MURAL HONORING WARRENTON HISTORY

Sam Pelts was a student at Warrenton High School when he created this mural on a retaining wall on the grounds of the Warren County Courthouse. 

Two years of work erased — but maybe not for long.

Sam Pelts painted a mural on a retaining wall on the grounds of the Warren County Courthouse about a decade ago, while he was a student at Warrenton High School. The wall served what was the entrance into the Warren County Health Department at the time, but recently was made into the main entrance for the Warren County Sheriff’s office.

The mural’s removal was part of the facilities upgrade and expansion project at the sheriff’s office and jail, county officials said.

The mural featured historical homes and other buildings along and around Main Street, including the former Warren County Courthouse.

It was painted over the week of April 22-26.

Pelts, 29, remains an artist. After graduation, he went on to study fine art and psychology. He lives in Oakland, Calf., where he organizes artists whose work deals with climate change issues.

The mural had been commissioned by the Warren County Commission and researched with images from the Warren County Historical Society, said Pelts in a Facebook post June 17, which is when its removal really started being talked about.

“As a 17-year-old aspiring artist, I just wanted to bring a little beauty and history to the downtown area,” he went on to say in the post, along with statements making his ire clear, and starting a sort-of frenzy for locals on the social media site.

Pelts later told The Record, “I’m well aware of the fact it’s not my property. It’s their wall and they can do whatever they want to do with it.”

Pelts took issue because he was not notified. While he does not own the property the mural was on, which belongs to the county, he does own the copyright to the art. He said the Federal Visual Artists Rights Act requires artists to be notified. He said if he had been notified, he would have come home to ensure he had what he needed to someday make a life-size copy of the mural somewhere else.

High resolution photographs were taken. Warren County Sheriff Kevin Harrison said he had a plan from the start to save the image so it could be reproduced. He took photographs with the idea of creating a photo on canvas to be hung at the Warren County Historical Society.

Harrison said he shared the photos with Pelts and the idea of the mural on canvas to display at the Historical Society just might work out.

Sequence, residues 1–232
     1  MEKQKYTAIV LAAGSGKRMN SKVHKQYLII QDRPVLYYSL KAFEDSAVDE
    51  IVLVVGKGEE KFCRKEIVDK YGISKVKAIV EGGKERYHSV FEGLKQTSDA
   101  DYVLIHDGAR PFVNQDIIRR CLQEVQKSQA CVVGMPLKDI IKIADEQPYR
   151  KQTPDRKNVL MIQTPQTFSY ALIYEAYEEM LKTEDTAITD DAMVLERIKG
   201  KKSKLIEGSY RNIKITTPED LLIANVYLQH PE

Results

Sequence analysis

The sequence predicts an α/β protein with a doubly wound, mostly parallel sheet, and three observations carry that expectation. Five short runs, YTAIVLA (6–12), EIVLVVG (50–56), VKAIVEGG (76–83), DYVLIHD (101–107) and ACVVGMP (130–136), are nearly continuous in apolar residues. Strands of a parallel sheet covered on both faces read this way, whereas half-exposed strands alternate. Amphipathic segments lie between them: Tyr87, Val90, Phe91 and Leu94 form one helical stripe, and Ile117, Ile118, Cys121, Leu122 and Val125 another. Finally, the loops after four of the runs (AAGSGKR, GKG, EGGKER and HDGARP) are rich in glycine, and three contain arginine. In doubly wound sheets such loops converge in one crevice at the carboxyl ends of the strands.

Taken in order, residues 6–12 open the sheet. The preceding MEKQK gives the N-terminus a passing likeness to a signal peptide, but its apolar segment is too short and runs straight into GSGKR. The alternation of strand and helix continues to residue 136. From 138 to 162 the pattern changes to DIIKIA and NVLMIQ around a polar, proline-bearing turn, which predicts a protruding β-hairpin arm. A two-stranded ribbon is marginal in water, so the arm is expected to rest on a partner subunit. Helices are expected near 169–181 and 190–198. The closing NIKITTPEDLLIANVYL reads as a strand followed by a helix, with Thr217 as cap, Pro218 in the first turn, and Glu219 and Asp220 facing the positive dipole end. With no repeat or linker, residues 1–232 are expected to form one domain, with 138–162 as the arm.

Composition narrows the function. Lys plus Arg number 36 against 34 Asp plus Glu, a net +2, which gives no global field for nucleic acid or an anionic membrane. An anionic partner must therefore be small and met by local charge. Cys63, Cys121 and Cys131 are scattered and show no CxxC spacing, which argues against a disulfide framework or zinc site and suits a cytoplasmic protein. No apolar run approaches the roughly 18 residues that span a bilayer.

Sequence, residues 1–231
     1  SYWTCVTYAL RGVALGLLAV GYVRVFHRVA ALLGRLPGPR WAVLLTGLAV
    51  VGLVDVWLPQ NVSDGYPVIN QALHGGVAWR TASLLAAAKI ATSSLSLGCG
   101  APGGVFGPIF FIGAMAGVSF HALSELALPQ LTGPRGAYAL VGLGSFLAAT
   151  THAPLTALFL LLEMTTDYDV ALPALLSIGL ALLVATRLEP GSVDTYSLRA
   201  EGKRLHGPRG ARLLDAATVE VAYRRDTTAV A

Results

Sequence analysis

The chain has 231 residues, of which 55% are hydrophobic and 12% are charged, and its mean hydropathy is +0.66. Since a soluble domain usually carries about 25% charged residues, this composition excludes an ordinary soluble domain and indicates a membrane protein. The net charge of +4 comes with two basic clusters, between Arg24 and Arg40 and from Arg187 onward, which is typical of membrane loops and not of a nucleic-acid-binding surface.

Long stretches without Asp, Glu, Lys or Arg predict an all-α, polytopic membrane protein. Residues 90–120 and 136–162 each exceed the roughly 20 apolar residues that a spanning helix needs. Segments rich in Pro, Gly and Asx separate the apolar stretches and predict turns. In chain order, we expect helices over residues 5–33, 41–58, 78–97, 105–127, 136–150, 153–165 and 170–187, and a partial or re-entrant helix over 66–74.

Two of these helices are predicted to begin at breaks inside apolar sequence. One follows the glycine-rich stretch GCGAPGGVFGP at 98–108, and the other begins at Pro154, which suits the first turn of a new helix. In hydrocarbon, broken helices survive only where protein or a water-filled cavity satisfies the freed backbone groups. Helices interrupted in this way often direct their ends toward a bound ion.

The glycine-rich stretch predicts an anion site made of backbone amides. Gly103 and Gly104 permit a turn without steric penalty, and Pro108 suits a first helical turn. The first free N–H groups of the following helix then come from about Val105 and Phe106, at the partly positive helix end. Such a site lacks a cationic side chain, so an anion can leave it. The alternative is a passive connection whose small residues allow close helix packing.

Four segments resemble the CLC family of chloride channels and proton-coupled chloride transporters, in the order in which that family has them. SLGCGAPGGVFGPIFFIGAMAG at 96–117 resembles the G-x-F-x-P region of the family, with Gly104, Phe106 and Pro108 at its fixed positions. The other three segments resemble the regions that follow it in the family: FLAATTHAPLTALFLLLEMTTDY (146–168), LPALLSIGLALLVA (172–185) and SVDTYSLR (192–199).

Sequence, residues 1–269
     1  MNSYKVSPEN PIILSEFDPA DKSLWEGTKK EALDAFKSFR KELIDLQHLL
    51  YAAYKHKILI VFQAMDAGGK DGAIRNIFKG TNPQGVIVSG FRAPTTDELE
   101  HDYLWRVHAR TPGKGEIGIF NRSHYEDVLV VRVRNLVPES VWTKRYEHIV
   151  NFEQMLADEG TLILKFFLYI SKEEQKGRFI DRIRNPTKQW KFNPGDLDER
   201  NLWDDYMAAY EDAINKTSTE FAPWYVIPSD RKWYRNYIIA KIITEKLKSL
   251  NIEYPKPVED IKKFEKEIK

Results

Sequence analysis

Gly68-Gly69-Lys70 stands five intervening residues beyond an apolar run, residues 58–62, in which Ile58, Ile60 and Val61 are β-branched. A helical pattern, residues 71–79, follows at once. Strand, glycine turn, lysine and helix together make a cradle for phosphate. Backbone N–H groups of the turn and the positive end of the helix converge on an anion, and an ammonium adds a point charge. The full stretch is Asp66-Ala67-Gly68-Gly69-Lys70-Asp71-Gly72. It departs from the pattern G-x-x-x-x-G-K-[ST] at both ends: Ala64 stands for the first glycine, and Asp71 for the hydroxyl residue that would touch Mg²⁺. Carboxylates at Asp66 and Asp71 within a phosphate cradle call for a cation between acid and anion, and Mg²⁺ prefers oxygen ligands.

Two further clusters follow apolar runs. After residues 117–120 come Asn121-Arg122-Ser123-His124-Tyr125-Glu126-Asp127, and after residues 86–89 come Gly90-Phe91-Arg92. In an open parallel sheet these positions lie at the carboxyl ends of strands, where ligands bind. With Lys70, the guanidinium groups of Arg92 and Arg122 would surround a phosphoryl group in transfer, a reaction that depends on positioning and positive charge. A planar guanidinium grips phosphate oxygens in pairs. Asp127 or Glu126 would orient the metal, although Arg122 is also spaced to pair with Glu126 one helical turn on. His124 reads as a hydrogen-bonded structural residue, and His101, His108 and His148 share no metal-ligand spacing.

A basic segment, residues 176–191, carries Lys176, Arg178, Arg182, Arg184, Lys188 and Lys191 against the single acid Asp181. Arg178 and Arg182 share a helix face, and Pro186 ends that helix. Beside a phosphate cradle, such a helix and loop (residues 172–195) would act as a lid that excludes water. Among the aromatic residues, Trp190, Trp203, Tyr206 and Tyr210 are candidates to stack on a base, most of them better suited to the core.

Harrison said painting over the mural was never meant to disrespect the artist or his work.

Presiding County Commissioner Joe Gildehaus learned about Pelts and the making of the mural after the social media hoopla. He shared Harrison’s sentiments. No harm was intended. He said their focus was on the upgrades in progress at the facility. Painting over the mural, he said, was an unfortunate situation in the middle of improvement projects.

“All we’re trying to do is upgrade our facilities. I don’t know how we could have done it differently,” said Gildehaus. “I apologize to the young man. Nobody did this intentionally or maliciously.”

Jennifer Schipper is president of the Warren County Fine Arts Council. The organization’s mission is to promote art and the arts in Warren County. Schipper came across the Facebook posts and joined in on the dialogue.

Murals are a medium she has said the organization would support to draw attention to local artists.

Schipper said the organization has Pelts’ approval to recreate the piece in future projects. She added that a business on Main Street in Warrenton might be interested in adding Pelts’ mural to its building.

Incidentally, artwork along Main Street would be much more visible than its original home, which could not be seen from Main Street and was barely visible to its nearest road, South West Street, between the Courthouse and Warrenton City Hall.

The mural had been an early portfolio builder for Pelts. It was an unpaid project. But even then, he saw it as a potential legacy for him and something for the community to enjoy, and that they did. Pelts said his Facebook post drew attention. It went viral, at least on pages in Warren County, he said.

Pelts was so overwhelmed by the response from well-wishers who had enjoyed the mural that he posted again a few days after his original post, this time more measured.

“The reason this is hitting a nerve for so many is because we all need to believe that what we do matters to other people and that what we build will last,” he wrote. “I feel so lucky to know that something I did 10 years ago means something to all of you.”

As conversations started and emotions settled, Pelts said he was focusing on all the positives.

“If (all of this) raises awareness about the value of public art, that would be worth it. That would be a good thing,” Pelts said.

He said public art is created for the community to enjoy, for as long as it can exist.

“The mural served its purpose. I’m happy it brought some joy to the community while it was up,” he said.

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